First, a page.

Follow The Flow - The Sidh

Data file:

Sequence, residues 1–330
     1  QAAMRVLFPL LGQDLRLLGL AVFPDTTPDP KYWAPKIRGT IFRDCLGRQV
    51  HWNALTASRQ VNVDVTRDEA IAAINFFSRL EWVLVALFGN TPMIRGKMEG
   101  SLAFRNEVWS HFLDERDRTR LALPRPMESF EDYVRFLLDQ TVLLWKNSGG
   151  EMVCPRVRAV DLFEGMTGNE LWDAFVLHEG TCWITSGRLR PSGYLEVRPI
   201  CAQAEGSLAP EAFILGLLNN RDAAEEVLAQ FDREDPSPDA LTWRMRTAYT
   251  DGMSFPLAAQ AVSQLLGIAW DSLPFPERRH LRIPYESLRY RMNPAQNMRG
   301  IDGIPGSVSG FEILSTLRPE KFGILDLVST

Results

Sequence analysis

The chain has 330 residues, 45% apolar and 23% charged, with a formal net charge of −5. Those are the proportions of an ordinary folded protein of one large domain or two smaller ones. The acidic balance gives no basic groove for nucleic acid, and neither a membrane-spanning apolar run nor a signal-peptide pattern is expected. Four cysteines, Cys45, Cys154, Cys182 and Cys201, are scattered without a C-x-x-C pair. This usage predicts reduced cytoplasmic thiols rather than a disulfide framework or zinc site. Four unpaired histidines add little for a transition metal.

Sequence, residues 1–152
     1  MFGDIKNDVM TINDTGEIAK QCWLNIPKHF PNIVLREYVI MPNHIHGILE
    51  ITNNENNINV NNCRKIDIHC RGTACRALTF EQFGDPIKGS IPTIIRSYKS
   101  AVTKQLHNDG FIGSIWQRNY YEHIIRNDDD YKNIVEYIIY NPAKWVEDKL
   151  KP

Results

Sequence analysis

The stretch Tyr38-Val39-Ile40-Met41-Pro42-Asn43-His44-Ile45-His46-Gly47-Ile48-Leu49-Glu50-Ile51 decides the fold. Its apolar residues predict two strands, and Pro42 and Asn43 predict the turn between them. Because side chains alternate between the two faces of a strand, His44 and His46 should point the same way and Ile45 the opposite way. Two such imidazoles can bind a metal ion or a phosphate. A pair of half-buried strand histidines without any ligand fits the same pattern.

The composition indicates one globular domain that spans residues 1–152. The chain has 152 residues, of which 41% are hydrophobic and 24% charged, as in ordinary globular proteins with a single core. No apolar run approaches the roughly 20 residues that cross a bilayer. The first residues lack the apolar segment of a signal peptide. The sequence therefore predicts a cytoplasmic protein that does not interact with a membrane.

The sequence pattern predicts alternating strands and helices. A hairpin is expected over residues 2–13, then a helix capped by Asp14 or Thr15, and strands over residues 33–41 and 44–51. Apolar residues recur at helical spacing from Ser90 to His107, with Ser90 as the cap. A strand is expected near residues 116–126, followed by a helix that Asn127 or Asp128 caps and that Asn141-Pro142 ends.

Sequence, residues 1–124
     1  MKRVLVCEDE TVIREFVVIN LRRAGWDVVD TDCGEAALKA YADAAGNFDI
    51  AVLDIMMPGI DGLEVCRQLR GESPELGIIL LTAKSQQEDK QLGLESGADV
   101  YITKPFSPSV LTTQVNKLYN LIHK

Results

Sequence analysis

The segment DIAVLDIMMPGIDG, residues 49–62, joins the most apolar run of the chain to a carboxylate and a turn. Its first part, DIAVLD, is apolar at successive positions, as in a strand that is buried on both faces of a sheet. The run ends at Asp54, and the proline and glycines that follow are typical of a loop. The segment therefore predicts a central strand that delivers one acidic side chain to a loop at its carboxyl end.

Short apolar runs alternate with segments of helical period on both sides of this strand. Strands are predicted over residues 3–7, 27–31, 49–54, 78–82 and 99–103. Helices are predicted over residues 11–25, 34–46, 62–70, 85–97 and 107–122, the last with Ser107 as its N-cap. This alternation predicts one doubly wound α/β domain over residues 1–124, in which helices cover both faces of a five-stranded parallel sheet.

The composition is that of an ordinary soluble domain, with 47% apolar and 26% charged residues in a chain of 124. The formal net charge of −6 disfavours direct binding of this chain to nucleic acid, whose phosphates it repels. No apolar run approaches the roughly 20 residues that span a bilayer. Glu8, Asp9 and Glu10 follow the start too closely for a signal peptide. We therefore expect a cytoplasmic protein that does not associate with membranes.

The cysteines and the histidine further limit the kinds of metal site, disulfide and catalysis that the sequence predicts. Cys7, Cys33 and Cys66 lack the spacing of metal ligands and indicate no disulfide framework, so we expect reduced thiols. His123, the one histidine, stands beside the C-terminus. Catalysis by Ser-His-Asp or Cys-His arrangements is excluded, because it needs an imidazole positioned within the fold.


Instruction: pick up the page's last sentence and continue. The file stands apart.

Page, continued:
The instrumental still looms large in Celtic fare, while in popular music it has been reduced to a mere footnote. It wasn’t always that way. The 50s and 60s introduced us to guitar instro kings like Link Wray, Dick Dale, surf groups from both sides of the pond like the Tornados and The Shadows in the UK and The Ventures in the States. Booker T & The MGs brought the Hammond B3 front and centre while Herb Alpert and the Tijuana Brass refried south of the border sounds for the summer of love generation. South Africa’s Hugh Masekala had us ‘Grazing In The Grass’ to the mellow tones of the flugelhorn, which Chuck Mangione picked up on a decade later. But today, an instrumental stands a snowball’s chance of breaking Billboard’s Top 100. That’s what makes the first listen to ‘Follow The Flow’ from Italian Y Gen quartet, The Sidh (pronounced ‘She’) such a delight. With the start of each new track, you steal yourself, waiting for a vocal to break the spell, but from start to finish, contemporary musicianship and arrangements reign supreme. Nobody would expect these fresh faces to play in their great grandpappa’s folkloric style, and to modern ears they push all the right buttons like an old tyme concertina.Made of whistles and bagpipes, keyboards and percussions, Hip Hop and Breton beats, (The Sidh) are, according to José Ángel Hevia Velasco, (an Austurian piper who has pioneered contemporary Celtic instrumental music)  able to recreate atmospheres with a distinctive scent of ‘future tradition’.” Most of the catchy, spirited melodies on Follow The Flow are self-penned by The Sidh, others offer new takes on works from another pioneer of contemporary Celtic instrumentals, Michael McGoldrick, Irish innovators Gráda and a sprinkling of traditional compositions. In Irish mythology a ‘sidh’ is a mound or hillock where faeries live. Follow The Flow is one of those rare records you can start on any track and expect something magical to emerge.